Experienced Healthcare Chief Executive, having built GP Care UK Limited from a 'start-up' into a successful clinician-led provider of community based healthcare services to NHS patients. Over a period of 6.5 years in the role the business has consistently delivered at least double digit growth and now has a high quality senior management team and over 50 staff plus a large network of subcontract clinical service providers including a number of NHS hospital trusts.
In Q1 of 2014 the organisation was awarded 5 new AQP contracts and was successful in its £5m application to the PM Challenge Fund to support the development of 24*7 integrated primary care services.
Looks pretty clear that the public don't really understand what is going on which is a problem in itself - Dr Nagpaul is clearly on the case and I am sure we all wish him all the best.
Once informed I would encourage the public to consider the risks on both sides of the argument about anonymised (statistical?) data sharing before concluding on a view....
On one side...the risk that we as a nation fail to prevent death or disease, or are at least impeded in doing so, on account of lack of information.
On the other side...the risk that information governance infrastructures fail and data confidentiality is breached in some way and that individuals are embarrassed, inconvenienced or even harmed.
However the real issue for us as patients is "why are the A&E, Out of Hours and ambulance teams still not able to access [FULL and NON ANONYMISED] records that would be helpful (or possibly critical) if they were unconscious and in a life threatening condition"? Most members of the public mistakenly assume that they can.
On either argument should the sensitivities of the vocal few deny benefits for the masses? Giving an Opt Out caters for both and is a pragmatic solution; whereas Opt Ins are hugely expensive for the tax payer (circa £65m for each Opt In if you assume £1 per letter/envelope/postage - ignoring the many other costs of administering such a process).
GPs are certainly best placed to provide LES/DES services; they have the clinical expertise and a delivery network that cannot be matched in delivering care closer to home; and it is a nonsense that Commissioners find themselves in a position where they have to disrupt something that is already in place and generally working well - at a time when there are so many other pressing priorities.
However, if AQP is going to happen then primary care needs to prepare. Things that need consideration:
- The AQP submission: Assume this is some 20 pages of A4 text, covering a variety of questions but which will likely include: Experience; Care pathway; Follow Up Care; Working with Local and Social Services; Subcontractor Relationships; Clinical Governance Processes, including Governance Framework, Clinical Incident Reporting, Dealing with Immediate Critical Incidents, DBS/CRB checks; Proposed Innovation beyond the specification; Workforce Continuous Development; Compliance with Public Sector Equality Duty; IT Architecture including Information Govenance Arrangements; Clinic Locations; Access Plan re Working People and the Disabled; Mobilisation Plan. The last one we did had a max word count of 500 words on most of the above items (and you would be well advised to use up the word limit - one line answers rarely show you at your best). Yes, if you have done one before the there are efficiencies in preparing a PQQ submission a second time around - but how many practices are currently in this position?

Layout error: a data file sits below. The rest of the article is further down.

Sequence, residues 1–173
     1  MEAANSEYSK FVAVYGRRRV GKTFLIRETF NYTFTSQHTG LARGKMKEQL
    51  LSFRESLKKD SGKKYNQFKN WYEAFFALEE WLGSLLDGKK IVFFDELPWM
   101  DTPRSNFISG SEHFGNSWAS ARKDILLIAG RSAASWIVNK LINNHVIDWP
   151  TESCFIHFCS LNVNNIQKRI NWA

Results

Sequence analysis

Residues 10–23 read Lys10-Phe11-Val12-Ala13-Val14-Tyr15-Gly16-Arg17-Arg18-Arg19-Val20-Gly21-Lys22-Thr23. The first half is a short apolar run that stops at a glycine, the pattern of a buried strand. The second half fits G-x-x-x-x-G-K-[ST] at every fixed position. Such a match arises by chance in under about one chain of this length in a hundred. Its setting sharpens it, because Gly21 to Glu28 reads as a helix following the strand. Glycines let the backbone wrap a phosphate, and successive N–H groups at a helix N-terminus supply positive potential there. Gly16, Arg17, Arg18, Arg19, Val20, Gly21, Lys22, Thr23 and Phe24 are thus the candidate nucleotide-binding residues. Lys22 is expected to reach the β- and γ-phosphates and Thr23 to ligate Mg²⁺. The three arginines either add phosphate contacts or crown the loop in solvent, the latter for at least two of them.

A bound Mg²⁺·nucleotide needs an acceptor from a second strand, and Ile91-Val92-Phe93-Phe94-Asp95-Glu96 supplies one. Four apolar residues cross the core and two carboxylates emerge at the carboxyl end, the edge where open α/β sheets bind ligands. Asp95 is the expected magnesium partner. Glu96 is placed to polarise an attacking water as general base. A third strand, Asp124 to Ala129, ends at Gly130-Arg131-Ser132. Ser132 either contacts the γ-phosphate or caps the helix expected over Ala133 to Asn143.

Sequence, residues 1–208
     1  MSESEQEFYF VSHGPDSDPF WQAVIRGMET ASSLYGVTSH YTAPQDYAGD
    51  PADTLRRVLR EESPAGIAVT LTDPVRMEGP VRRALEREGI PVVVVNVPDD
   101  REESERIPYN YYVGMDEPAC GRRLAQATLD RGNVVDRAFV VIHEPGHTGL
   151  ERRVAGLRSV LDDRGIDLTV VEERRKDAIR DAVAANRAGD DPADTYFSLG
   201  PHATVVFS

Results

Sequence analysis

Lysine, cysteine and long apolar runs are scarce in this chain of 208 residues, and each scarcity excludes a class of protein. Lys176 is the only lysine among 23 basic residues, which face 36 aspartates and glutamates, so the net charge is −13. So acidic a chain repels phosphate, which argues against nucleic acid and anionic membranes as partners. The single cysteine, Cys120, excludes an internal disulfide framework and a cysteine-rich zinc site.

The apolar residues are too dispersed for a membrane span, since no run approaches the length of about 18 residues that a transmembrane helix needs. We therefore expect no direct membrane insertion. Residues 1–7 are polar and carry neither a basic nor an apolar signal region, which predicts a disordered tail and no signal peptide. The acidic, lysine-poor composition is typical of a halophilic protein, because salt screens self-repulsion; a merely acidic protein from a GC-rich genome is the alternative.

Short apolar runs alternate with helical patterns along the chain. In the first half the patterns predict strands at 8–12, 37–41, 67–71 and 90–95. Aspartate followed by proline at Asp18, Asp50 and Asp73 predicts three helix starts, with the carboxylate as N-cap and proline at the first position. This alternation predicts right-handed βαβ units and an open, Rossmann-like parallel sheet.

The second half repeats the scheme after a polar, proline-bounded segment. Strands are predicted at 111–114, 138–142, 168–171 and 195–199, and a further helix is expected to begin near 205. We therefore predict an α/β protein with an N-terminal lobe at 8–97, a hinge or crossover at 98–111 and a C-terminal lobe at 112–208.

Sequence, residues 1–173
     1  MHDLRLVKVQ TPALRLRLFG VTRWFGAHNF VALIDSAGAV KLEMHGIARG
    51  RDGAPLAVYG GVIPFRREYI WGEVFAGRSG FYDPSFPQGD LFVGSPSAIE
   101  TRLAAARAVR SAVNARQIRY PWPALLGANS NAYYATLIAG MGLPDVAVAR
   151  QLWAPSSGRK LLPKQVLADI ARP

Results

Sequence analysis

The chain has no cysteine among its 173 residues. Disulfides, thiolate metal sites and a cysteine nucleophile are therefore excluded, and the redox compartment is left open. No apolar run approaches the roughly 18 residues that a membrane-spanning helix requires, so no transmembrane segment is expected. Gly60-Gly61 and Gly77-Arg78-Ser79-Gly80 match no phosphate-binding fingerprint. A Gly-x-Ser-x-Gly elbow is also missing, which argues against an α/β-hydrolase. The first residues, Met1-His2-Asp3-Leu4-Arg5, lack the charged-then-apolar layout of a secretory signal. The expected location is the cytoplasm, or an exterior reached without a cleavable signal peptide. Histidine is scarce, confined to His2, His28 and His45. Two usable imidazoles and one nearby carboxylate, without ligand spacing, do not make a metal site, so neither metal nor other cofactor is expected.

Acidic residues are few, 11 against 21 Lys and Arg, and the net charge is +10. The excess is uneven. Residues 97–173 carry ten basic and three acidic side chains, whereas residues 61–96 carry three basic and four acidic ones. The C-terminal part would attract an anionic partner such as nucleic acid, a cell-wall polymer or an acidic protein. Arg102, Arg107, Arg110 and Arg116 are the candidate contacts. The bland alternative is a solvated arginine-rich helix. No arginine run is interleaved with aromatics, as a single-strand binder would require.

- Are you ready for a 100+ page NHS contract? Whilst there is little room to negotiate any variation, anyone signing up to it should still read it and understand it properly
- Will the CCGs really want a contract with each and every practice (100+ pages for each ??) or will they prefer one 'consolidated' provider who can provide the pan-CCG solution; if the answer is one consolidated provider then what primary care organisation is going to hold the contract? Does that legal entity already exist? Is it CQC registered?
- Who is going to undertake the ongoing contract management duties such as performance monitoring, reporting etc
My advice......practices should start working together now so that they are in a position of strength if / when they have to tender against some of the big private providers who arent so focused on local engagement and integration and who have dedicated teams who can crank out AQP submissions by the bucket load.
There are a number of organisations being created by groupings of GP practices which is encouraging - however this process needs to accelerate if primary care is to be ready for LES/DES AQPs from April 2014. Watch this space for an Association of GP Provider Organisations - coming soon !